On Feb, 26, when Joanna Lewis Walton gave birth to Journey Gracelynn Walton, the delivery was relatively uneventful.
Shortly after they came home, COVID-19 changed life as they knew it, including the fact that she will not be able to traditionally celebrate Mother’s Day – church and dinner – as new mother because COVID-19 related restrictions.
When Walton and her husband, Andre Walton Sr., brought their baby daughter home, their family felt complete.
A.J was getting to know Journey, but a bout with the flu forced A.J. to be separated from his mom and sister.
After his father nursed him back to health, little family settled into a daily routine. But by the time Journey was turning 6 weeks old, everything changed.
“The school children were released early that week when spring break was starting,” said Walton. “I had been in the house with my children since leaving the hospital. That’s pretty normal for a new mother. I was rebuilding my strength and trying to get Journey into a good feeding and sleeping routine.”
More and more, there was talk about a “novel coronavirus,” and Walton took some interest in keeping up with the growing numbers of new cases in America.
For a time, none had been confirmed in the state of Tennessee, or in Shelby County. When that changed and the number of local cases began to rise, they were unrelated cases of people who had traveled, or come in contact with someone who had recently traveled.
“We were just nesting while my husband continued to work,” Walton said. “But when community spread hit Memphis and Shelby County, I understood just how dangerous this COVID-19 was.
“I have kept my children isolated from everyone, except their grandparents. With the safer-at-home orders, we continue to shelter in place. The four of us have created our own little world inside the house.”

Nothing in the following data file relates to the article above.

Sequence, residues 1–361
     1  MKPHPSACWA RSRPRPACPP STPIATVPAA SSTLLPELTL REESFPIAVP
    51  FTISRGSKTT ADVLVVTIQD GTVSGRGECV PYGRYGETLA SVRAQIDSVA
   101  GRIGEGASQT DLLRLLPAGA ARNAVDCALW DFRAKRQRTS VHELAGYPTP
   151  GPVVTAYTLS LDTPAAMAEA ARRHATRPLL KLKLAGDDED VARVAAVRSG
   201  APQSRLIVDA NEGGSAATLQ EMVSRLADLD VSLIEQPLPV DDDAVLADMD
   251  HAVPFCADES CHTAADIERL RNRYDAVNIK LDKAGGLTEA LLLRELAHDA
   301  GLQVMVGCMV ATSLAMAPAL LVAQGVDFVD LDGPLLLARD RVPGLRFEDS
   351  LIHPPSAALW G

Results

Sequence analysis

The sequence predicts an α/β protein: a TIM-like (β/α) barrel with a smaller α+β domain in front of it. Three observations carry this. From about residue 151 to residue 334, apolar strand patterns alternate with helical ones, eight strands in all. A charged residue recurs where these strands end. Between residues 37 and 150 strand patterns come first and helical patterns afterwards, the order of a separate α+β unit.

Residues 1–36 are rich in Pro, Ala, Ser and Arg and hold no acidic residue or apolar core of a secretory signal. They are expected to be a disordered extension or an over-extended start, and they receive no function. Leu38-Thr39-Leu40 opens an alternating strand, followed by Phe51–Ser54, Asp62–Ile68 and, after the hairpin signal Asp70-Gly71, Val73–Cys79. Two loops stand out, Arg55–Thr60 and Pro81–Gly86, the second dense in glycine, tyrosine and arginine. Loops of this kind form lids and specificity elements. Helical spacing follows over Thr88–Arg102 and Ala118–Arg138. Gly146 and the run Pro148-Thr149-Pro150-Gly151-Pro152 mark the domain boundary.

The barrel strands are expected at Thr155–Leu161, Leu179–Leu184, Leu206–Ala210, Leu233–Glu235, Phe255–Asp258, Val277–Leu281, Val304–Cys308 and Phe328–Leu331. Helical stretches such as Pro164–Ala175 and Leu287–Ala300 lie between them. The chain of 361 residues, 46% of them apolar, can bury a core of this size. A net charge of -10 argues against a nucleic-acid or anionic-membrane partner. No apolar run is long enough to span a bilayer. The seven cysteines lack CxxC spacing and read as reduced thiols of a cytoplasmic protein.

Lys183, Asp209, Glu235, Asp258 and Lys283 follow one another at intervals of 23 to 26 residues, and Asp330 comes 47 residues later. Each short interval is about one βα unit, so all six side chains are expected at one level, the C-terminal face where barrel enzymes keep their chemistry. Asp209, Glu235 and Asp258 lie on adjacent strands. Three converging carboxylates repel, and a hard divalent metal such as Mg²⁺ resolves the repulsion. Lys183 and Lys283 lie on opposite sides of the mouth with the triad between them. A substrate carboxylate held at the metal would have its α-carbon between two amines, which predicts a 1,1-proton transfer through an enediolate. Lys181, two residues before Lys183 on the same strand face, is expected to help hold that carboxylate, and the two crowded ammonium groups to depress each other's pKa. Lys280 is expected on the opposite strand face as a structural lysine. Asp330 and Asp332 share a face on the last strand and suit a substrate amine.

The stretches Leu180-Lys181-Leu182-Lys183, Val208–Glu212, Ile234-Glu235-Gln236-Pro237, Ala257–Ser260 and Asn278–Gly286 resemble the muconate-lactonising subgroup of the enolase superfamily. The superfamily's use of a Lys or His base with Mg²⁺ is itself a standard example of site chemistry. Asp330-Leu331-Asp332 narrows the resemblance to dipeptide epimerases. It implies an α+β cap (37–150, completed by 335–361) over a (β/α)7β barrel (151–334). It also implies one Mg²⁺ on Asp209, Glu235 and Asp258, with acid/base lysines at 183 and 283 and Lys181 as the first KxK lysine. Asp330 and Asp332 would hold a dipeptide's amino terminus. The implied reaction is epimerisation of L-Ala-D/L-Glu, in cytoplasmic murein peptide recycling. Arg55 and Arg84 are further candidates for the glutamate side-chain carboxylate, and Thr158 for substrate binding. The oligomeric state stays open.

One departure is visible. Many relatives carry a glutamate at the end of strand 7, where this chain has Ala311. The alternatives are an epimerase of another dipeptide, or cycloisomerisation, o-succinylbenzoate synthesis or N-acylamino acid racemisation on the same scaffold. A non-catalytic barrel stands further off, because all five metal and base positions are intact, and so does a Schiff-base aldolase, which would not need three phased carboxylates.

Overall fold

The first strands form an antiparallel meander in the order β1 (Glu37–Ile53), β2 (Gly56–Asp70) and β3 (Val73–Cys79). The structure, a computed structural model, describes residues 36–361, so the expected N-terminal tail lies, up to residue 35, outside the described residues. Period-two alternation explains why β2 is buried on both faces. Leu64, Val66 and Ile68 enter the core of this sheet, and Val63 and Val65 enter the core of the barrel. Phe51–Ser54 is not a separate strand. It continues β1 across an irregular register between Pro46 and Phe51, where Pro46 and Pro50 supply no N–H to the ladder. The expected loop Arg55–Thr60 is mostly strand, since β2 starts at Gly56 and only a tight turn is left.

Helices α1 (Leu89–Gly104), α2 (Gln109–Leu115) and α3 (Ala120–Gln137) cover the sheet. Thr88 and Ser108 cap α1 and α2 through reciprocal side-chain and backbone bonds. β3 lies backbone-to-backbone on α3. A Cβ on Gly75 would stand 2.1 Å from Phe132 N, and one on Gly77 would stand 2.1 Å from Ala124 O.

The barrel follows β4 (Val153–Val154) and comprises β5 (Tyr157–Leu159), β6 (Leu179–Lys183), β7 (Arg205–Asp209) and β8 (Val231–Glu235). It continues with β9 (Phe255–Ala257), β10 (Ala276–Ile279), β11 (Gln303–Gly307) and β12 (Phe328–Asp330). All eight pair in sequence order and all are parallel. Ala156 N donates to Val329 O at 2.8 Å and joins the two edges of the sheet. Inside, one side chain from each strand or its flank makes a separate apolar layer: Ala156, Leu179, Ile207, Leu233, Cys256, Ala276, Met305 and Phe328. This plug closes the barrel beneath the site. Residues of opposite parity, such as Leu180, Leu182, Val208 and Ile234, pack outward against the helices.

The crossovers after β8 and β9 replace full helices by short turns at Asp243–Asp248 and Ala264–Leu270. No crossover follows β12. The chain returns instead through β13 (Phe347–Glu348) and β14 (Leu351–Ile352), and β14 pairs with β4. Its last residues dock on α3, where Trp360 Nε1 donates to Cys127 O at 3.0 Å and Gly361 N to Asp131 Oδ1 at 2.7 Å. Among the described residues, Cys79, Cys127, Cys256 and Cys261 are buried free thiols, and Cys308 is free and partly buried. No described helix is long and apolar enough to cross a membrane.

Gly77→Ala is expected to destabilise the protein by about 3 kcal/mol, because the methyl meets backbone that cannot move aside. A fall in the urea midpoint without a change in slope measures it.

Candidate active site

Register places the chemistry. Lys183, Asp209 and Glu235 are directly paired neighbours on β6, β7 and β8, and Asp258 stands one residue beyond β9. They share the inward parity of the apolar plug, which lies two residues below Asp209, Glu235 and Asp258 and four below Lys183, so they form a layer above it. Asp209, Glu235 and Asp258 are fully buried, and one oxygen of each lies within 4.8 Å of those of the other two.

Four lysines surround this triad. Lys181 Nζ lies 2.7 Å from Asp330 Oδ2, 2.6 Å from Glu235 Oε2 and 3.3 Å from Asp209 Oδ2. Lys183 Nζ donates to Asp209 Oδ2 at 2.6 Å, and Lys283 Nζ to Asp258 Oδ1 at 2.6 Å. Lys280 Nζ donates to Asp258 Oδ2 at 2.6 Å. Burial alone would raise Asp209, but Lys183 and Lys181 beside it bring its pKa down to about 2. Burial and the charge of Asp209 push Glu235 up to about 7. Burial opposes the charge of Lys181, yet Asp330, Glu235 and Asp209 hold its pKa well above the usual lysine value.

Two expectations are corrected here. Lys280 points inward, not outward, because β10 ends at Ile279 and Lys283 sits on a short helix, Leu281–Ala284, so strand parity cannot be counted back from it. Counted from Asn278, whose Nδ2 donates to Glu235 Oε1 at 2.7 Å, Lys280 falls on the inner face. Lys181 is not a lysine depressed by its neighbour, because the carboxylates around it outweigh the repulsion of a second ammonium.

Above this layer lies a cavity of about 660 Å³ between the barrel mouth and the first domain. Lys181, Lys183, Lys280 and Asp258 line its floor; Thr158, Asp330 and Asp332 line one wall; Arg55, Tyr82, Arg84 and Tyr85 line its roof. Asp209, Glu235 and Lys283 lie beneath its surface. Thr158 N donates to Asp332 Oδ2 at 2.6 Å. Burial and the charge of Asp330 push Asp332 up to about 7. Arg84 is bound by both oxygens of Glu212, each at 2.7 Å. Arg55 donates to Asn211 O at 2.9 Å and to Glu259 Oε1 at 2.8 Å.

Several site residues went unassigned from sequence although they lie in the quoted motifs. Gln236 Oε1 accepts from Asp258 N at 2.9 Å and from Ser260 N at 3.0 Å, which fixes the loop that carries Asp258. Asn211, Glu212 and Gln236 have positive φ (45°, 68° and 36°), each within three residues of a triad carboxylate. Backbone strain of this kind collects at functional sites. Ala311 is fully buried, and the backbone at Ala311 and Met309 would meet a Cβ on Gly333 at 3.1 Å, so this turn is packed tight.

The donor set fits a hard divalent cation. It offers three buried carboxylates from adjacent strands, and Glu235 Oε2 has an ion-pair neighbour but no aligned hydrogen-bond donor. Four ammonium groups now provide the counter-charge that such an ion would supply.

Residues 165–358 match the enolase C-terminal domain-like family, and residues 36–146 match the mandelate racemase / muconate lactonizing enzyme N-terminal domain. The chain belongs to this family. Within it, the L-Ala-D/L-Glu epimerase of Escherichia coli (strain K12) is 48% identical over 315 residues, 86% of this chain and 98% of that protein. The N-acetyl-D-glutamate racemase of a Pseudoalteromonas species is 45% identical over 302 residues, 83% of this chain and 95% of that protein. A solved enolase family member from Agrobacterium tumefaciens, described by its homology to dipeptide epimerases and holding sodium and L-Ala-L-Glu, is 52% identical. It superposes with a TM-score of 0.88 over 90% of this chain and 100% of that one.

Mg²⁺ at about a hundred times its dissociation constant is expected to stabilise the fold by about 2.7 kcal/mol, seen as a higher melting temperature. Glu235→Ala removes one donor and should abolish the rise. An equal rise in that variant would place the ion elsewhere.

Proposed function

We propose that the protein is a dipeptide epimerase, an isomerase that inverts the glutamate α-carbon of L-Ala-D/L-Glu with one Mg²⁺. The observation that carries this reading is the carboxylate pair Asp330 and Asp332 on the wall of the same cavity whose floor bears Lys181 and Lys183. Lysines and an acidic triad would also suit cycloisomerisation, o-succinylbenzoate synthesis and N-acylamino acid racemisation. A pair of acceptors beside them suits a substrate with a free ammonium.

Walton graduated from the University of Memphis with a bachelor’s degree in professional studies. She marked her fourth wedding anniversary on March 19, her birthday on April 20, and now, Mother’s Day on Sunday — all celebrated inside the house.
“All of my special days come in springtime each year,” she said. “My anniversary, my birthday, and Mother’s Day — it feels strange not being able to celebrate them like we had planned. There will be no special date nights or family trips.
“On Mother’s Day every year, we were always in church. Life has changed so drastically, and I don’t know when things will return to normal — or if they ever will,” she said.
Andre Sr. has used this time of “nearly unlimited overtime” to build a nest egg that will come in handy when the family moves to a large house this summer, if things are a bit safer.
“I would love for my children to play outside,” Andre Sr. said. “I would love to run around the yard with my son and toss a ball to him. But he is young enough that staying inside won’t affect him so much. I thank God he will have very little memory of this time.”
Walton has been optimistic as a new mother caring for two, young children. She has been home-schooling A.J. since his first birthday. Walton has gotten accustomed to the rambunctious 2 year old tearing about the house. He has a lot of energy, but he can’t play outside.
“We have been blessed, and I can really see an end to this virus,” Walton said. “As a mother, it is my job to prepare our children for a bright future. My son will be three in the fall, and already, he can count to 60, recite the alphabet, and name his colors.
“I am now teaching him to read. Our children emulate what they see. They are hopeful because we remain hopeful. Mother’s Day is going to be a wonderful day. God is still in control.”